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Historic Ranch Houses

Built in the Civil War era, they’re still occupied



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In West Marin, a wooden structure built 150 years ago is hardly a rarity. Drive the back roads and you’ll see several. However, most likely they’ll be skeletal barns or shaky outbuildings slowly crumbling into eternity. Here are three sturdy exceptions: ranch homes, built in the 1850s and ‘60s, that are not only standing tall but still harboring descendants of the families who lived there during the Civil War.

The Gale Ranch in Chileno Valley   “Charles Martin, my great grandfather, bought this property from Henry Halleck in 1862 when Halleck left West Marin to become President Lincoln’s chief of staff in the War Between the States.” So begins the saga of the Mike and Sally Gale Ranch on Chileno Valley Road, as related by great granddaughter Sally Gale.

Martin, a Swiss-Italian immigrant originally named Carlo Martinoya, added an Italianate Victorian main house to the original ranch cottage in 1883. He and his wife, Katarina, had seven children. The youngest, Anita, married Peter Dolcini, from a well-known (and today still prominent) West Marin ranching family. “Anita and Peter had six children,” says Sally Gale, “among them my mother, also named Anita, who is now 90 years old and living happily in Novato.”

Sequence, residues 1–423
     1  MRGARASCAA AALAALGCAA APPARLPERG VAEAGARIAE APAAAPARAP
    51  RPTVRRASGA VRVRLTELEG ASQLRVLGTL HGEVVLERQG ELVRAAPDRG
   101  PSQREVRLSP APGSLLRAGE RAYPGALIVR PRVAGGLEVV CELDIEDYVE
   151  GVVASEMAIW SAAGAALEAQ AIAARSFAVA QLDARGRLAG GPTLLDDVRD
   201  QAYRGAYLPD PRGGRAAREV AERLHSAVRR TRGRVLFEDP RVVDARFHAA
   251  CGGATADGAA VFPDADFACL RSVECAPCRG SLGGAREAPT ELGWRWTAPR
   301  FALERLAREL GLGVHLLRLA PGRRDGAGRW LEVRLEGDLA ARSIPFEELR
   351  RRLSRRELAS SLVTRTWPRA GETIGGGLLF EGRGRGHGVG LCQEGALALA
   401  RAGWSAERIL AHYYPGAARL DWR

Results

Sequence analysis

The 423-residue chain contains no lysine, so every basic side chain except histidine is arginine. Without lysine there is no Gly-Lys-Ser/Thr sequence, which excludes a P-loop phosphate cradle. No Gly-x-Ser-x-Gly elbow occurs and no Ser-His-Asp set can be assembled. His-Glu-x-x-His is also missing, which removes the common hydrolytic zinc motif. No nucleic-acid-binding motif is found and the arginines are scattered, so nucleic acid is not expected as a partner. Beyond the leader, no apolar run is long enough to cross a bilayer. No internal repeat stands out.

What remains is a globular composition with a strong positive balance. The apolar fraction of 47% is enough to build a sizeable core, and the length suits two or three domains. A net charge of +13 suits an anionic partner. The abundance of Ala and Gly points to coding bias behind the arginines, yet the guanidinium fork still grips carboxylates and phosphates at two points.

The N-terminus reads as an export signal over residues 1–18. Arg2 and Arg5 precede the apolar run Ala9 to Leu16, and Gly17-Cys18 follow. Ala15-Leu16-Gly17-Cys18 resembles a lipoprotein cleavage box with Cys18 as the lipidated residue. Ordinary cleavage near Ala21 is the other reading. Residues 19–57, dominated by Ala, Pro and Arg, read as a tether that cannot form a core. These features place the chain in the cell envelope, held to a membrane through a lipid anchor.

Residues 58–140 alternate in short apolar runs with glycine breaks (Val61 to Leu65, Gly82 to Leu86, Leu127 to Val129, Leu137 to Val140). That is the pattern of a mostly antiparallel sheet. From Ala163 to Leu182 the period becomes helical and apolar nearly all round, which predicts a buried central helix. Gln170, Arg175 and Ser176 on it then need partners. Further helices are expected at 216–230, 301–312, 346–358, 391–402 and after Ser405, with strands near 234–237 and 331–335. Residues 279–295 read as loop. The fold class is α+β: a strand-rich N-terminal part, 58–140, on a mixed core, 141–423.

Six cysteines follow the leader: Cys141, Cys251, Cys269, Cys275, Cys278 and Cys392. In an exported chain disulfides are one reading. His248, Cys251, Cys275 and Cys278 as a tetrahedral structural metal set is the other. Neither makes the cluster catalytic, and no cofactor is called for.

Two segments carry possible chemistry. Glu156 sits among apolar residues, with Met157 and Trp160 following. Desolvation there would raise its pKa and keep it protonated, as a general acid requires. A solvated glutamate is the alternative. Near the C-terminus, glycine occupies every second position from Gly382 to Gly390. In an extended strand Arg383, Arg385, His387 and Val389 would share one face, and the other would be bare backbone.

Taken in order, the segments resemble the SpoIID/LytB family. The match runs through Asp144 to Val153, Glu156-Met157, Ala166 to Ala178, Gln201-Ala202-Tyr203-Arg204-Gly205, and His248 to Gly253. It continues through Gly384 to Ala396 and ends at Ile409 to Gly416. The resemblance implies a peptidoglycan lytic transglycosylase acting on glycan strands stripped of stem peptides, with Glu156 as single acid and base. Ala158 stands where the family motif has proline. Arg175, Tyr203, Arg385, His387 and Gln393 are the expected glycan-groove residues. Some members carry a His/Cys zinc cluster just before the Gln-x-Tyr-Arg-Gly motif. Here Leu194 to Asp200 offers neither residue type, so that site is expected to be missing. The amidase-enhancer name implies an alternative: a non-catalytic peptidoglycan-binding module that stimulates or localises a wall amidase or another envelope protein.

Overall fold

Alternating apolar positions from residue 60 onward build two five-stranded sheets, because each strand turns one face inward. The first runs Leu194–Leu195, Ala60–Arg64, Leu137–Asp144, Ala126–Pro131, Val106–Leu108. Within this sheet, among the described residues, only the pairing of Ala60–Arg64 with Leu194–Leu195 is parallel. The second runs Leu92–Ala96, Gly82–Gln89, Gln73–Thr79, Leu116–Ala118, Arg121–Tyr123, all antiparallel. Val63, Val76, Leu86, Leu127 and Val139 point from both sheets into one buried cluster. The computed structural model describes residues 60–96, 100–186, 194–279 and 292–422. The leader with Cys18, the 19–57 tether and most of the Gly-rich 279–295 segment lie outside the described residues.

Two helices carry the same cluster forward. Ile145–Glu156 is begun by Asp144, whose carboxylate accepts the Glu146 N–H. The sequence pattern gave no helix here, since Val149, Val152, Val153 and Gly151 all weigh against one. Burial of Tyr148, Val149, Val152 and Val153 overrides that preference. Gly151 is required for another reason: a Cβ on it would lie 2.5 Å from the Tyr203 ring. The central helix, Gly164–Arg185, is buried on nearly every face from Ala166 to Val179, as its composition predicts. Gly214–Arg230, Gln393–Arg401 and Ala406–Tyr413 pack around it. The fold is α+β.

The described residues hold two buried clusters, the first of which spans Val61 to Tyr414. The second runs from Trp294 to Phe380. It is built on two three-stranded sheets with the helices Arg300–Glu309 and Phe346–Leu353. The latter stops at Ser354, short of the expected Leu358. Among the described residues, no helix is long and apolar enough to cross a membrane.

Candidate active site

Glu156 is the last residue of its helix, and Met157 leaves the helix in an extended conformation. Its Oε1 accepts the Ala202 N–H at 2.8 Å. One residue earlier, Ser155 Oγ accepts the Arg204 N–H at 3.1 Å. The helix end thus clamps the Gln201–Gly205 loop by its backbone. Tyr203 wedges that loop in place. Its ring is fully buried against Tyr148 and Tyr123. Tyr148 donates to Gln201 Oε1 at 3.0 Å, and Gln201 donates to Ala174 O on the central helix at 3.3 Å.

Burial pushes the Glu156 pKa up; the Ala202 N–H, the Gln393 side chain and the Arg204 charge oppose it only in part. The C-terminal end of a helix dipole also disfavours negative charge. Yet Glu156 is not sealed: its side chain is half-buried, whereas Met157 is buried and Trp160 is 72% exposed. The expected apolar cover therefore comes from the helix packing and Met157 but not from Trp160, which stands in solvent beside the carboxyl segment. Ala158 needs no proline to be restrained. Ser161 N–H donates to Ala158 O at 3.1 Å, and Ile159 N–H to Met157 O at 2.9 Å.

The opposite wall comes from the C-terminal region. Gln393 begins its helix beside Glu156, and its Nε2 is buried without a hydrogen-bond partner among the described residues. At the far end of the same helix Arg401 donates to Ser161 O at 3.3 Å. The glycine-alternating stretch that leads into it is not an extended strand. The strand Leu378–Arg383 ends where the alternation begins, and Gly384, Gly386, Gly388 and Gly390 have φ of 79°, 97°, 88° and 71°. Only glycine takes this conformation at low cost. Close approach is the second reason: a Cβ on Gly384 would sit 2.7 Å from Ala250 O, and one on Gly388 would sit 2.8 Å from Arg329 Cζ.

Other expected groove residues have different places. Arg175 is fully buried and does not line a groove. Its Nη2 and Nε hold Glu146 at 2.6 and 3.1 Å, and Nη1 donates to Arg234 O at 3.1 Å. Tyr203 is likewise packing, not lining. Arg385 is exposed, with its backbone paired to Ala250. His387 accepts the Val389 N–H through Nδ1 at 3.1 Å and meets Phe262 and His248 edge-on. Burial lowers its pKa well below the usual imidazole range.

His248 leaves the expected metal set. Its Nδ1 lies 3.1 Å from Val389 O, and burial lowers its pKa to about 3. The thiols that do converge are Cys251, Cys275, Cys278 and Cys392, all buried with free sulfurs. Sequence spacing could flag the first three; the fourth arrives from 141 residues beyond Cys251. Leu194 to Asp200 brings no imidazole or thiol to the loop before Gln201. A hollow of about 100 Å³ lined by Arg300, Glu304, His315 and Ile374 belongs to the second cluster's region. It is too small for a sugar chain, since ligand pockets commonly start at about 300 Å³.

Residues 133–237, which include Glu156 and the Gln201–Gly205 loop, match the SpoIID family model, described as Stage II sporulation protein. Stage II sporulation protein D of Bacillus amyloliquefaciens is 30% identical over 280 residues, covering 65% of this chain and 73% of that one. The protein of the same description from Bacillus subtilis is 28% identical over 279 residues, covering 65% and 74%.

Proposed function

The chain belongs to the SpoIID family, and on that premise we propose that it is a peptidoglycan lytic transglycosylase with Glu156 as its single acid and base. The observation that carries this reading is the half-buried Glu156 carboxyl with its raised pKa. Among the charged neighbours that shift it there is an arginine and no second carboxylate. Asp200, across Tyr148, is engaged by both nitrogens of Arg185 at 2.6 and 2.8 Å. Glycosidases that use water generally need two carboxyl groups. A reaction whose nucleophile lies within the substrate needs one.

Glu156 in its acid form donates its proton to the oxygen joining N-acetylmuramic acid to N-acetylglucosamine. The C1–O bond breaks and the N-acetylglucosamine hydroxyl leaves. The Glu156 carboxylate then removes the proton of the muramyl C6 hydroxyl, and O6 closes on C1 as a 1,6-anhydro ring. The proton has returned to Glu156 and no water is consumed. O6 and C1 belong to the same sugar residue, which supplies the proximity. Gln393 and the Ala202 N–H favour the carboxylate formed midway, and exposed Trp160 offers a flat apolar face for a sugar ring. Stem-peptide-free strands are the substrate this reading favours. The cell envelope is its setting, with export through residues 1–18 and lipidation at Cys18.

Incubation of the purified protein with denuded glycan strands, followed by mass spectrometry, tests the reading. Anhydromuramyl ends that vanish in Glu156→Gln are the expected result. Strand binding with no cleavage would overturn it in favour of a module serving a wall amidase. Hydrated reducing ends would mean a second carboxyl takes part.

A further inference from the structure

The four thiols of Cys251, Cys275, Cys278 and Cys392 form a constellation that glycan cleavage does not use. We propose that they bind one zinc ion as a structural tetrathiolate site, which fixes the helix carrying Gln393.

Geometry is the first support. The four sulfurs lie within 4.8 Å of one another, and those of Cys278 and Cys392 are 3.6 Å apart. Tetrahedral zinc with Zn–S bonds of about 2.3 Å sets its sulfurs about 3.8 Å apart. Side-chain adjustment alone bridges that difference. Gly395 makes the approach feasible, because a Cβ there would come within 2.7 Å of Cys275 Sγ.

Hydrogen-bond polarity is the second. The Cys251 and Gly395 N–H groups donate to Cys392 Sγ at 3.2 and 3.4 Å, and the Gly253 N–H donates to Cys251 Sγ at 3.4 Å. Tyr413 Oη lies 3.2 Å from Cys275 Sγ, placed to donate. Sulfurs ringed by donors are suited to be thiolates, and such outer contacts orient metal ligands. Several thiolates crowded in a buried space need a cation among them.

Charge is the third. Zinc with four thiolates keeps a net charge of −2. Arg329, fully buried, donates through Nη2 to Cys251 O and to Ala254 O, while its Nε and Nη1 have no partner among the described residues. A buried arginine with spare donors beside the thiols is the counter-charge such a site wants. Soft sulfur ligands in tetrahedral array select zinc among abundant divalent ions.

The Martin family occupied the property until 1917; then, through two world wars and the Great Depression, it was rented to a ranching family named Bravo. Those were reportedly prime years for dairy farming and cattle ranching in West Marin.

For the next 30 years, until the mid-1980s, a caretaker named Mr. Shanks tended the Martin-Dolcini ranch home. “He really just lived here,” Sally Gale says. “People in the valley knew him as the ‘nudist who made wine.’” After that, the classic Victorian home was boarded up for seven years while Sally and husband Mike lived on the Big Island of Hawaii. “But as our family grew older, we felt the ranch pulling us home,” Sally recalls. And in 1993—more than 100 years after her great grandfather first improved the ranch house—Sally’s mother, Novato’s Anita Dolcini, took her to see what had become of the family property. “It had literally fallen apart,” Sally says. “It looked like a bedraggled child no one wanted.”

However, Mike and Sally Gale wanted it, badly enough to begin a complete restoration that would consume five years and much of their life savings. “We lived for two rainy winters under tarps and in half a house,” says Sally, “but now it’s worth it. Our home is beautiful and still very comfortable.” In 1997, the Gales’ restoration received an Award of Great Merit from Heritage Homes of Petaluma, and their 160-year-old barn and organic apple orchard serve as settings for summer weddings and parties. The 586-acre ranch is also home of Chileno Valley Natural Beef, a direct-to-consumer grass-fed beef operation run by Mike Gale.
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